King also asked Trump about Putin’s assertion that the hack was a “public service,” even as he claimed the Russian government was not involved.
“I don’t have any opinion on it. I don’t know anything about it. I don’t know who hacked. I’m not sure. You tell me. Who hacked? Who did the hacking?” Trump said.
Trump’s critics have regularly insinuated that he is overly cozy with pro-Russian interests. Trump’s former campaign chairman, Paul Manafort, came under fire last month after he was named in a Ukrainian corruption investigation that tied him to a pro-Kremlin political party.
Before that, Trump was widely condemned in July when, in an off-handed remark, he called on the Russian government to intervene in the election by releasing thousands of Clinton’s private emails. “Russia, if you’re listening, I hope you’re able to find the 30,000 emails that are missing,” Trump said during a press conference at one of his South Florida resorts. He added later, “They probably have them. I’d like to have them released.”
Retired Lt. Gen. Michael Flynn — one of Trump’s closest advisers — received payment to deliver a speech at an RT party last year, where he sat next to Putin.
Trump’s running mate, Mike Pence, who has sold his soul to the devil for the price of his principles, dignity and self-respect to be Trump’s running mate, did his best ass-kissing for the boss. Mike Pence says it’s ‘inarguable’ that Putin is a stronger leader than Obama: “I think it’s inarguable that Vladimir Putin has been a stronger leader in his country than Barack Obama has been in this country,” Pence said during an interview with CNN. So much Putin love!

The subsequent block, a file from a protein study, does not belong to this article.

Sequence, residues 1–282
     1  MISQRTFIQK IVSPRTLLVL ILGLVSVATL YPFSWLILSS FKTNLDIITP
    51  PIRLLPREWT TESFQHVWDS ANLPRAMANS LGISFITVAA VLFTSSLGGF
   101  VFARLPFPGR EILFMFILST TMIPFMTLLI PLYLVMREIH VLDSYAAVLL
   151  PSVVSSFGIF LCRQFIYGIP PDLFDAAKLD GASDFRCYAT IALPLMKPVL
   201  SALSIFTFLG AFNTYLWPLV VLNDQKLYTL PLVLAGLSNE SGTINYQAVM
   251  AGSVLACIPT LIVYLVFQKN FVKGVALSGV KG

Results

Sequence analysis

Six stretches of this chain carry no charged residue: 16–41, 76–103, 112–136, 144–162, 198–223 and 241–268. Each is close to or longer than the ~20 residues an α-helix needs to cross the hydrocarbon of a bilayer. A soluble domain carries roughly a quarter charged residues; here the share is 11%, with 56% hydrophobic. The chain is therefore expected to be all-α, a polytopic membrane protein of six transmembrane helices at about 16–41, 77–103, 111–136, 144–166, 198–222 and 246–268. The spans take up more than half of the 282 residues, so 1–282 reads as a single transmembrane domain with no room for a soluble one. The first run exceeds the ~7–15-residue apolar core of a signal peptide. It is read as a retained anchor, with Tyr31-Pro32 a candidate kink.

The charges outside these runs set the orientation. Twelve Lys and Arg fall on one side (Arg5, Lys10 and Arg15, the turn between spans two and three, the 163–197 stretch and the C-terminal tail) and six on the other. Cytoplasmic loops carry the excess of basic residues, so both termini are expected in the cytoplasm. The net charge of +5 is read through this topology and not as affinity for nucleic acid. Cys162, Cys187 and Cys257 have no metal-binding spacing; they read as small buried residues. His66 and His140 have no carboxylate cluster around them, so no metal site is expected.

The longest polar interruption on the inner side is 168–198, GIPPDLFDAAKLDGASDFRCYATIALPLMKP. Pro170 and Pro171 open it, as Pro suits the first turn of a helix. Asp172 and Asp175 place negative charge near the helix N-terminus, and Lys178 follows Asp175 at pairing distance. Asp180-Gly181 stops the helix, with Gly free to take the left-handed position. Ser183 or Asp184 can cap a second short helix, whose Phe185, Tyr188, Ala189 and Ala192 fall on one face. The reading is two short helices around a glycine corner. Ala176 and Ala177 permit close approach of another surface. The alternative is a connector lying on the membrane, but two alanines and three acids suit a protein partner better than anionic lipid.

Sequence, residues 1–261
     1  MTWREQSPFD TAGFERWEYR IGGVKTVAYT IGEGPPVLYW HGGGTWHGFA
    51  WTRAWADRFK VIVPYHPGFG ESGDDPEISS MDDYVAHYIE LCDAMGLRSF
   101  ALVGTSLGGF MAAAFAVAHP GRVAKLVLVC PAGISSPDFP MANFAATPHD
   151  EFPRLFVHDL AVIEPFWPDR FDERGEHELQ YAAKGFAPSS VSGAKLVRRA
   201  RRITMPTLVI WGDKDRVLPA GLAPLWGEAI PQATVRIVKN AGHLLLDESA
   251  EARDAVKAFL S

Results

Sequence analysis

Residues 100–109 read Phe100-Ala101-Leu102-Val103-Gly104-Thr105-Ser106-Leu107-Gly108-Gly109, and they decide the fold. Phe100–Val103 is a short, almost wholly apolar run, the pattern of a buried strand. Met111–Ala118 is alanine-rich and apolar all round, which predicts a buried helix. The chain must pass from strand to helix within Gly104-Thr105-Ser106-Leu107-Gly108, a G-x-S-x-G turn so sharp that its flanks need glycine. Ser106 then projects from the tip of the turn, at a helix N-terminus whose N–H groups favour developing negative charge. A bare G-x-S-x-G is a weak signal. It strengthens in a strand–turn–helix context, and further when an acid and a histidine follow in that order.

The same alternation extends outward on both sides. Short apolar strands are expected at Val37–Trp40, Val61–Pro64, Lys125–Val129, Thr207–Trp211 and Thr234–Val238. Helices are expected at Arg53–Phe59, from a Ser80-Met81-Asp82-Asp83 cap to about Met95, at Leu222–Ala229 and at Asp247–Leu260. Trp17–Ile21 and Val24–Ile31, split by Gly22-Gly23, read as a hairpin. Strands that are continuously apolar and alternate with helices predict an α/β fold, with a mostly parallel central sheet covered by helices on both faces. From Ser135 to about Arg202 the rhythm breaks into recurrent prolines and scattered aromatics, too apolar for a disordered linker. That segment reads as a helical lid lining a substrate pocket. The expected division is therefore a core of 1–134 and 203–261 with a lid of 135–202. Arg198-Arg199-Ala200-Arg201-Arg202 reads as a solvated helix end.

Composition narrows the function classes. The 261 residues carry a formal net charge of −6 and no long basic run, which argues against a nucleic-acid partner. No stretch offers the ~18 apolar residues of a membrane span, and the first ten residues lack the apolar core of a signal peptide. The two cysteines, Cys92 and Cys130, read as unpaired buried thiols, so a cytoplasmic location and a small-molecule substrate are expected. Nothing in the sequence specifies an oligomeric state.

Trump came under fire within minutes of the interview airing. Veteran GOP strategist John Weaver, a vocal anti-Trump Republican, expressed incredulity on social media. Trump attacks U.S. foreign policy, political press corps on state-owned Russian television network:
“Condemning the free, 1st amendment protected American media on Russian owned @RT_com is outrageous, even by the lowest of Trump standards,” Weaver said in one tweet.
“I’m just stunned at the insanity of the campaign staff to even consider, allow a @RT_com interview, given the Russian ties already,” Weaver wrote in another tweet.
Senator John McCain’s puppet boy, Little Lindsey Graham, also blasted Trump. Graham says Trump’s Putin stance ‘unnerves me to my core”:
“Other than destroying every instrument of democracy in his own country, having opposition people killed, dismembering neighbors through military force and being the benefactor of the butcher of Damascus, he’s a good guy,” quipped Sen. Lindsey Graham (R-S.C.) of Putin.
Graham, a former presidential candidate, has often sparred with Trump and is one of his most vocal critics. “This calculation by Trump unnerves me to my core.”
Senate Foreign Relations Committee Chairman Bob Corker (R-Tenn.) also weighed in.